Role of extracellular vesicles in cell-cell communication and inflammation following exposure to pulmonary toxicants

Jaclynn Andres, Ley Cody Smith, Alexa Murray, Yang Jin, Rita Businaro, Jeffrey D. Laskin, Debra L. Laskin

Research output: Contribution to journalShort surveypeer-review

5 Scopus citations

Abstract

Extracellular vesicles (EVs) have emerged as key regulators of cell-cell communication during inflammatory responses to lung injury induced by diverse pulmonary toxicants including cigarette smoke, air pollutants, hyperoxia, acids, and endotoxin. Many lung cell types, including epithelial cells and endothelial cells, as well as infiltrating macrophages generate EVs. EVs appear to function by transporting cargo to recipient cells that, in most instances, promote their inflammatory activity. Biologically active cargo transported by EVs include miRNAs, cytokines/chemokines, damage-associated molecular patterns (DAMPs), tissue factor (TF)s, and caspases. Findings that EVs are taken up by target cells such as macrophages, and that this leads to increased proinflammatory functioning provide support for their role in the development of pathologies associated with toxicant exposure. Understanding the nature of EVs responding to toxic exposures and their cargo may lead to the development of novel therapeutic approaches to mitigating lung injury.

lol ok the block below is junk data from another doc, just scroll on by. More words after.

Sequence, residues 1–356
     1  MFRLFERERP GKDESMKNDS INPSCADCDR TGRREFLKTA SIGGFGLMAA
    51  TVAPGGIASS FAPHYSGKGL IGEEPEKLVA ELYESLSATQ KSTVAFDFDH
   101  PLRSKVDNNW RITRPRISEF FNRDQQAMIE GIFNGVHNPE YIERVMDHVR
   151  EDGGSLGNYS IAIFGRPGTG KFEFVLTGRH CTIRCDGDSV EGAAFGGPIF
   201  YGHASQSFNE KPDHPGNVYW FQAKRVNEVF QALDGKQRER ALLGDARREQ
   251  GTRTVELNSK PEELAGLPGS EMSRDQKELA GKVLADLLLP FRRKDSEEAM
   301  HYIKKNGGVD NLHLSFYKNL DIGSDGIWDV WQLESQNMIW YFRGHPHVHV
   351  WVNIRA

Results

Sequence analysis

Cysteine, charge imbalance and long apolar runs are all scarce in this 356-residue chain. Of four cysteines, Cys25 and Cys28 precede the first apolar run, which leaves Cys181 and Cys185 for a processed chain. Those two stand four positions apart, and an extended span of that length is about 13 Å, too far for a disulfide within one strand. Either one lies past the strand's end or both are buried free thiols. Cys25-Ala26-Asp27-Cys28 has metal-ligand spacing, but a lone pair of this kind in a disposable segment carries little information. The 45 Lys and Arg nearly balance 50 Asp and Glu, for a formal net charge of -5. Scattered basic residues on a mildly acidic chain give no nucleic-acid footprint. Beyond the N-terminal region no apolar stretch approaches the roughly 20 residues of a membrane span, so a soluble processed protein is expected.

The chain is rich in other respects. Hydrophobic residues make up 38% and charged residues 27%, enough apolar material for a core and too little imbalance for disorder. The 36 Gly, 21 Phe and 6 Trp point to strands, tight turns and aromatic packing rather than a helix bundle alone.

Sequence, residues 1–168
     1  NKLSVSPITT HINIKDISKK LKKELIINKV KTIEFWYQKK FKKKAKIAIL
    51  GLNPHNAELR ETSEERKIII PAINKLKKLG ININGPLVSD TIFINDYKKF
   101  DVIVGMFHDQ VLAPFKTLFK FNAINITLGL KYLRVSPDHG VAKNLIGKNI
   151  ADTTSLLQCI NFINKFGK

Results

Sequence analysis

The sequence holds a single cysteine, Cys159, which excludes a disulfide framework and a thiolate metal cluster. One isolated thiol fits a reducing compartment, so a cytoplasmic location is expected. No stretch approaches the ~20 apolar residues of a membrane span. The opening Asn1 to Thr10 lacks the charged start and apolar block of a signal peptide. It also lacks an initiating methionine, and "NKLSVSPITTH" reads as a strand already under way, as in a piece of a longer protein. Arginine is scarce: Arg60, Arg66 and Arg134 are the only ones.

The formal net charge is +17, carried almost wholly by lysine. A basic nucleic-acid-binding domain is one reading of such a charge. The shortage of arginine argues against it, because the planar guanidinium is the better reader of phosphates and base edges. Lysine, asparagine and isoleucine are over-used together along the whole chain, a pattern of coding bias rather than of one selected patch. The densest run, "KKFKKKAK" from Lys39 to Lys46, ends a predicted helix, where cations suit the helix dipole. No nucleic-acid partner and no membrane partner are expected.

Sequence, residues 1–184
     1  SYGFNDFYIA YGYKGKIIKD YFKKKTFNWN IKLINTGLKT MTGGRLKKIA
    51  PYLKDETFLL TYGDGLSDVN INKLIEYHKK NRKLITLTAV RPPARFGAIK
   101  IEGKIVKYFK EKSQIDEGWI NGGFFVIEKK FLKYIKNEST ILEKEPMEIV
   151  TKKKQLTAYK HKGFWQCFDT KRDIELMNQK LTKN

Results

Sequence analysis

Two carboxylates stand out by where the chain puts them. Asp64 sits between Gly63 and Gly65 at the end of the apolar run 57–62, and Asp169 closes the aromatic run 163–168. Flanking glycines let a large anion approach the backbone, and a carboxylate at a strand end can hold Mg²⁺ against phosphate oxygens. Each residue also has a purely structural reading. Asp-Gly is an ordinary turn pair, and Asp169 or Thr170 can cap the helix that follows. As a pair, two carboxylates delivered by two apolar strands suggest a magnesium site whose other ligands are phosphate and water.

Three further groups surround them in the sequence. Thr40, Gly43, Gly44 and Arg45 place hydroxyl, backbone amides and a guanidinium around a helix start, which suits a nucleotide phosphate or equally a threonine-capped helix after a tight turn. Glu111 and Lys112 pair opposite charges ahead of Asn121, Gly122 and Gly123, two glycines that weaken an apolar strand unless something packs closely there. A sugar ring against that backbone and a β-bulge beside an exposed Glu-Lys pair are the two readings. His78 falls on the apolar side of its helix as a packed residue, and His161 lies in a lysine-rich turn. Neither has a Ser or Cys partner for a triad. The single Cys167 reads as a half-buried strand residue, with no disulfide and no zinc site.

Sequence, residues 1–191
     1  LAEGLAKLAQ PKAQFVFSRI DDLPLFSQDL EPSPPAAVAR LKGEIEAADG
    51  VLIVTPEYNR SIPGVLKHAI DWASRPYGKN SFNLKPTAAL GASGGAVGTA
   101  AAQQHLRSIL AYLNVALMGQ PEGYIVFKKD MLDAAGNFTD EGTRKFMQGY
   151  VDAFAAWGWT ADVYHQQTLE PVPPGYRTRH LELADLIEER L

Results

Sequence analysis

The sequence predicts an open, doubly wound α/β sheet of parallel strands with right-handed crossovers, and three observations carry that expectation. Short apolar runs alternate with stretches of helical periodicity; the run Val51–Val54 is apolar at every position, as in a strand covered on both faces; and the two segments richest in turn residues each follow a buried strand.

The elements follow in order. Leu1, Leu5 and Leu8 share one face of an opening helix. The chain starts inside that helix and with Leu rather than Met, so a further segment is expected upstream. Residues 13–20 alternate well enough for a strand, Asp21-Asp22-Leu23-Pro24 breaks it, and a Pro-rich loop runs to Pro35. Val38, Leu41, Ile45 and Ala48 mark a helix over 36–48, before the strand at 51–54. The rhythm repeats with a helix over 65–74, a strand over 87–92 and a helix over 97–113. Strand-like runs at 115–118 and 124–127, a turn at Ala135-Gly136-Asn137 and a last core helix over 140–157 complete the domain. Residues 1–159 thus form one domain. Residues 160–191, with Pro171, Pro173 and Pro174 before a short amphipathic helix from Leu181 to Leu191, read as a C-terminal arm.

Original languageEnglish (US)
Pages (from-to)12-18
Number of pages7
JournalCytokine and Growth Factor Reviews
Volume51
DOIs
StatePublished - Feb 2020

All Science Journal Classification (ASJC) codes

  • Endocrinology, Diabetes and Metabolism
  • Immunology and Allergy
  • Immunology
  • Biochemistry, Genetics and Molecular Biology(all)

Keywords

  • Cigarette smoke
  • Epithelial cells
  • Inflammation
  • Lipopolysaccharide
  • Macrophages
  • Ozone

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